Charlotte, Emma and Josh got back late. They’d eaten after the show and taken their time returning. Plenty of time for me to clean up, restore the bike to its original state, dismantle the phone relay and return the weapon and ammunition to the purlin. I was reluctant to dispose of them, but I should probably do that as soon as I got the chance.  The burner phone was already dismantled and buried in the cement foundations of a new bridge, the sim card destroyed. The clothes I had worn in the market had been disposed of in a burning skip.

A week later we were having breakfast in the garden. Josh had managed to turn off his phone and was telling me about his plans to ditch being a YouTuber and be an actor. Emma was reading some social media feed and smirking, it was hard to tell what at. Charlotte was catching up with the local paper.

‘You worked with an Alan Stephens didn’t you?’ she said.

‘Stephens? Alan, yes, years ago.  You met him once at Arthur’s. Why?’

‘He’s missing. They found his car in the woods in Bratby park on the edge of town. No sign of him though. Asking if anyone has seen him to let them know.’

‘I haven’t seen him in twenty years. Thought he went overseas.’

‘Says he came back to take up a “senior civil service post” six months ago.’

‘Probably shacked up with a tart if he’s still the same as when I knew him.’

She shook her head.

‘He’s been missing nearly a week.’

‘Wow!’ Emma said.

‘Not that surprising, people do disappear.’ Charlotte said.


‘You went “wow”‘ I said

‘Yeah, they’ve found a body in the market fire’

‘Oh God!’ Charlotte said. ‘I wonder if it’s Alan?’


‘One of Dad’s work friends is missing, I was just reading about it in the paper.’

‘Was his name Colston?’ Emma asked.

‘No. Alan Stephens.’

‘Wow! That’s weird.’

‘Not that unusual a name.’

‘No it says here “there is speculation that Colston’s death may be linked to the disappearance last week of Alan Stephens, rumoured to have been a Cold War warrior.” Oh my God they think he did it and escaped!’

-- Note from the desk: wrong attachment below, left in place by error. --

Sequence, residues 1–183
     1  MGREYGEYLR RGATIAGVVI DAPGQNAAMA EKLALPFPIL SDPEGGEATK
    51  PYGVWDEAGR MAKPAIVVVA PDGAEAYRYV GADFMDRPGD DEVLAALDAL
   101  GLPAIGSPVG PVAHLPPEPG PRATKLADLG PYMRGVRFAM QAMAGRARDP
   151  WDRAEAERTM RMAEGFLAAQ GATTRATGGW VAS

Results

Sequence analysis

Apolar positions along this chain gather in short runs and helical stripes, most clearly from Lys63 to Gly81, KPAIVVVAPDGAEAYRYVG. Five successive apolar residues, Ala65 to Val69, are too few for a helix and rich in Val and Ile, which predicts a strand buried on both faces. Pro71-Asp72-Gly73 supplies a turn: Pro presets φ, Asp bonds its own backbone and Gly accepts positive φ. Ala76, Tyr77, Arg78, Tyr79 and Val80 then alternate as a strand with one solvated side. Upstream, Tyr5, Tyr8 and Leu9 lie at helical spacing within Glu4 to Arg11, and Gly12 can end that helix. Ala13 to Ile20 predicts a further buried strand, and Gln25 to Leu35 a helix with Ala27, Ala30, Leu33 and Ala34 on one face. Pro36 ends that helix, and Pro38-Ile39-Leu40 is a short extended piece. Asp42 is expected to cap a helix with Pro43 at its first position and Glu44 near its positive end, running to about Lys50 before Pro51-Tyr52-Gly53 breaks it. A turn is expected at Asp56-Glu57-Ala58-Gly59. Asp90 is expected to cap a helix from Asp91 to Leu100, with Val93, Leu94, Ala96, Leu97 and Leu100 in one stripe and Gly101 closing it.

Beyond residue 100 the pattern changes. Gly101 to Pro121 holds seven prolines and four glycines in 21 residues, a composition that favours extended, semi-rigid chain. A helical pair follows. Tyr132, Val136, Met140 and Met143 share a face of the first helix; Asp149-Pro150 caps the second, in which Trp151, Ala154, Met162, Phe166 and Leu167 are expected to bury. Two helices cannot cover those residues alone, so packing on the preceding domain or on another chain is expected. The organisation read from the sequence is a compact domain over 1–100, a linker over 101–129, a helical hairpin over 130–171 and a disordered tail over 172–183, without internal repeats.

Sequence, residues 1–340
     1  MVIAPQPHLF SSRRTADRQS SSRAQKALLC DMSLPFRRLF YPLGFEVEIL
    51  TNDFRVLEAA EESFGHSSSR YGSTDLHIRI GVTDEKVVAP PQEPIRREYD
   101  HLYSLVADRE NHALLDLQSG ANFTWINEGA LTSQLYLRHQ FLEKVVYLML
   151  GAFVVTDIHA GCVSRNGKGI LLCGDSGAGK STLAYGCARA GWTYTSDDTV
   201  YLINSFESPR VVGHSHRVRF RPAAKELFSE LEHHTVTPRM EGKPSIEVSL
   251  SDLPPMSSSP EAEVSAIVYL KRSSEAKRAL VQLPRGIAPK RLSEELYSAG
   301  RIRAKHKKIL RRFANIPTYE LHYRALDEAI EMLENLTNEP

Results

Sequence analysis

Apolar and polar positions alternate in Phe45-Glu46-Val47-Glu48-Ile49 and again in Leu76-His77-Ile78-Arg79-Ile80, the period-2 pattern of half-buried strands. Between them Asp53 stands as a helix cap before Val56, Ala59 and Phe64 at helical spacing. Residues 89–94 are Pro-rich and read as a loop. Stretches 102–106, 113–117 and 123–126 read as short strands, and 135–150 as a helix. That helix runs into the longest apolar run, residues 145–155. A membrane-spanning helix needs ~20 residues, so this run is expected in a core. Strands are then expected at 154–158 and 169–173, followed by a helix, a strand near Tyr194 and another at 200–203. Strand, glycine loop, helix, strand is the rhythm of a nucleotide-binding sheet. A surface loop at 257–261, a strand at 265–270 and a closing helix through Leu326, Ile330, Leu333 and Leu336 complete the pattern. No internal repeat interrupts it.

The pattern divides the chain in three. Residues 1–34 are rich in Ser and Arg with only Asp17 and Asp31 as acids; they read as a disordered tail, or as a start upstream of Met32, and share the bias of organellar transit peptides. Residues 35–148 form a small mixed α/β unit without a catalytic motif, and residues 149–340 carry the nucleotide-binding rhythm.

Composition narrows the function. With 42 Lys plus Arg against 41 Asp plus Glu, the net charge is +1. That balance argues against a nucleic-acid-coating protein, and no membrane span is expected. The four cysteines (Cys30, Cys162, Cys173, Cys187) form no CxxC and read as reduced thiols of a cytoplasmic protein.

‘Does it say that?’ Charlotte asked.

‘Well, no, but between the lines that’s what they mean!’

‘Do you think it could be linked?’ Charlotte turned to me.

‘Shouldn’t think so. Sounds like someone taking two and two and making sixteen.’

‘But why would they link them?’

‘Peter Colston used to work with Stephens years ago.’

‘Do you think…?’

‘No. Nobody waits twenty years to settle a score do they? All water under the bridge now. Just a coincidence.’



The route I followed into town took forty minutes instead of the twenty minute ride on the main roads. I parked the bike in a yard at the back of dilapidated short rent houses. Finding roads and parking not covered by cctv had proved impossible in the second most watched state in the world, but I had avoided all the good quality traffic cameras, and the yard was not an area anyone cared enough about to spend money protecting. A false number plate and a few cosmetic tweaks to the bike covered the rest.

I took the holdall out of the top box and, still wearing the helmet and one piece suit, walked down the alley. I turned right at the end and into a mean back street that ran behind what had once been a market building. Twenty yards down the street I made sure the security cameras I had vandalised a couple of nights before outside the public toilets were still wrecked. Sure enough they remained smashed and the cables missing. I went in and changed. The suit, helmet, gloves and boots replaced the hoodie, jeans and baseball cap in the holdall and I tucked the reunited contents of the attic boxes into an inside pocket of the hoodie.

The phone rang.

I looked at the incoming number. Emma.

I let it ring again a couple of times then answered before the voice mail system kicked in.

‘Hello?’ I said as groggily as I could.

‘Dad. Did I wake you?’

‘It’s all right love. Everything all right?’

‘No I’m bored, Mum’s being so embarrassing and Josh is being a little swine.’

‘How’s the show?’

‘We’ve only just got here Dad. What time do you think it is? I’ve got hours of this to put up with. Why couldn’t I have stayed with you?’

‘Because it’s a nice treat for Mum to have her two lovely children with her and share a joyous day out.’

‘Sarcastic much.’

I had to think of a way to stop this conversation. It had served its purpose. The link through from my phone back in the garage had worked. It would show my phone communicating with Emma’s while based in the area of our house at a time that made it impossible for me to have done what was about to happen. But I needed to move fast now.